14. You strike me as a death metal kinda chick. (No, not really.) Do you listen to music while you write? What kind of music do you like?

 

What do you mean? Stillborn Ways is my favorite group.

 

Actually, I don’t listen to music while I write. I tend to want to burst into song and that’s distracting. I won’t tell you what my favorite music is—you’ll think I’m too old to write UF.

 

 

15. Who would you cast as the primary leads if you could make a movie about Anna? Why choose them?

 

I love this question. Okay—I see Anna as an Angela-Jolie-as-Lara-Croft kind of gal with shorter hair (not blonde, no matter what those covers show) and thinner lips. Or Kate- Beckinsale-as-Selene in Underworld. Christian Bale would do nicely as her new boyfriend and Luke Wilson a passable Daniel Frey. Big budget flick for sure.

 

16. What’s up with the kickboxing? How long have you been doing that, and how many people have you maimed?

 

I’ve been kickboxing for three years. And NO, I haven’t maimed anyone. I have great self-control…. And besides, they don’t let us practice on each other. We kick and punch the shit out of bags.  Come to think of it, though, most of the others DO get to practice on each other. What’s up with that?

 

17. Rumor has it that if you were a dude you’d most likely be hanging out in biker bars. Why would anyone say that about you?

 

I have NO idea. You’ve met me—I’m sweet, demure, retiring and very, very shy.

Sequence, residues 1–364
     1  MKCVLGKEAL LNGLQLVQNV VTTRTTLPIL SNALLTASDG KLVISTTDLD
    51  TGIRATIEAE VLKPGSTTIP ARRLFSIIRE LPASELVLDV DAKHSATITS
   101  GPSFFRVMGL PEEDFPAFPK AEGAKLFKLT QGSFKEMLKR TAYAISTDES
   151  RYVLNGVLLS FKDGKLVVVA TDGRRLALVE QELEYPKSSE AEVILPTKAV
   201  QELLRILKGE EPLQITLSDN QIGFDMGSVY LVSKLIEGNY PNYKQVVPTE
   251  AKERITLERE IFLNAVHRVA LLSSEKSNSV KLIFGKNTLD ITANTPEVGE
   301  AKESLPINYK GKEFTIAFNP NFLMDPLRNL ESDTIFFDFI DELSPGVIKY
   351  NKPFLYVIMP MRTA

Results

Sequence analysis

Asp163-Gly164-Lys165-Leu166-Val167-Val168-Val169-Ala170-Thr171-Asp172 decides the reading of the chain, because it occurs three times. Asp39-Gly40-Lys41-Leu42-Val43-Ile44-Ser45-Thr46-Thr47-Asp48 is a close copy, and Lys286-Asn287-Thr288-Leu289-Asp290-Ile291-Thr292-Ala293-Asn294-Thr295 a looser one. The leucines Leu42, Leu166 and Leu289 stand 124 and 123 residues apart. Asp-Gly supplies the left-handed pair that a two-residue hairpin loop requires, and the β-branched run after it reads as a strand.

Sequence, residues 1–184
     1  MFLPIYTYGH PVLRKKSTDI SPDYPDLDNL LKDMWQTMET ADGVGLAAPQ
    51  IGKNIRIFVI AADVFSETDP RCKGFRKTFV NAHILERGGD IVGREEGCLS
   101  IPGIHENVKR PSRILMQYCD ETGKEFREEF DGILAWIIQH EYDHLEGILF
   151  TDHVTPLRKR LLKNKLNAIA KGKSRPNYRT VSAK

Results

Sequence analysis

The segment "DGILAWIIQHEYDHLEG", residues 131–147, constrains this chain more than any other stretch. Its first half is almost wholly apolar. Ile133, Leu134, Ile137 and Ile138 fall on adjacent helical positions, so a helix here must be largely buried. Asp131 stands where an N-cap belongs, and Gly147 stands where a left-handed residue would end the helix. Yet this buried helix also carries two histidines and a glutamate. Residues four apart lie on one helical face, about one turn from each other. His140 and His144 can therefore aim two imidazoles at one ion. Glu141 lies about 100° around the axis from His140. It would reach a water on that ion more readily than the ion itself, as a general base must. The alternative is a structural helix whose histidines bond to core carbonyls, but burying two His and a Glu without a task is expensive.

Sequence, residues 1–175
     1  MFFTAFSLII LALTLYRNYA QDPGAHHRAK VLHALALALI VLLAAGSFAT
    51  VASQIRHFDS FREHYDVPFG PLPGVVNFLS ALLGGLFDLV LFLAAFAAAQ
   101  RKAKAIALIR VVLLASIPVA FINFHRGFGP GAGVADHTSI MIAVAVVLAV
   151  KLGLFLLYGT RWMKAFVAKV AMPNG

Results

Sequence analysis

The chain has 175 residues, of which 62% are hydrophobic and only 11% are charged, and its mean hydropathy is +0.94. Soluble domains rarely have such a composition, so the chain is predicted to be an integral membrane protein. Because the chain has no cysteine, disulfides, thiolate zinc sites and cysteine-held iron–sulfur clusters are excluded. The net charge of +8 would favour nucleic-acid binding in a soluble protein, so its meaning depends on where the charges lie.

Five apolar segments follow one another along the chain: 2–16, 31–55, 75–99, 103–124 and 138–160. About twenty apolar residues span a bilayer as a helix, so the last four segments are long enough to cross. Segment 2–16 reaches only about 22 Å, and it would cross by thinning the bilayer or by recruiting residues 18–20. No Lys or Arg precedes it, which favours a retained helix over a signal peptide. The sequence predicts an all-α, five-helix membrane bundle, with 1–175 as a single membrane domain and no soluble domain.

18. Jeanne, you recently visited my home state for Conestoga. During your visit, several farmers around Tulsa reported finding livestock drained of blood and the letter J carved on fence posts. The phenomena stopped when the convention was over. Do you know anything about that?

What? The police said they’d keep that quiet. It wasn’t me, I tell you. I saw nothing. I know nothing. I found that bloody ax in the alley behind the hotel.

 

That’s my story and I’m sticking to it.

 

 

19. What will you be doing to promote LEGACY?

 

Besides the six conferences I’ve gone to or will be going to in the next two months? Lots of signings in San Diego and Denver. Lots of blog posts. Lots of banging my head against the wall. Lots of animal sacrifices. Oh wait, scratch that last one. Remember that close call in Tulsa, Jeanne, remember Tulsa.

 

 

20. Last question: If you were stranded on a deserted island with only one book to read over and over again until you went insane, what would it be, and why?

 

Jeez, Steve, where did you come up with that one? Okay—I guess if I had to choose ONLY one it would be Ira Levin’s Rosemary’s Baby. One of the earliest UF’s and still one of the best.

 

 

Tags:

Comments

( 17 comments — Leave a comment )
reneesweet
Sep. 4th, 2008 11:24 pm (UTC)
Jeanne!!! You're so funny. I'm halfway through Legacy and loving it! Can't wait to see you at RT.
jeanne_stein
Sep. 5th, 2008 12:51 pm (UTC)
Thank you, Renee-- the way time is going for me, we'll be at RT in a couple of weeks!

Love you, J.
sewedel
Sep. 5th, 2008 12:14 am (UTC)
Many thanks to Carrie for posting this for me while I was at work, where LJ is blocked. And, of course, to Jeanne for answering my questions.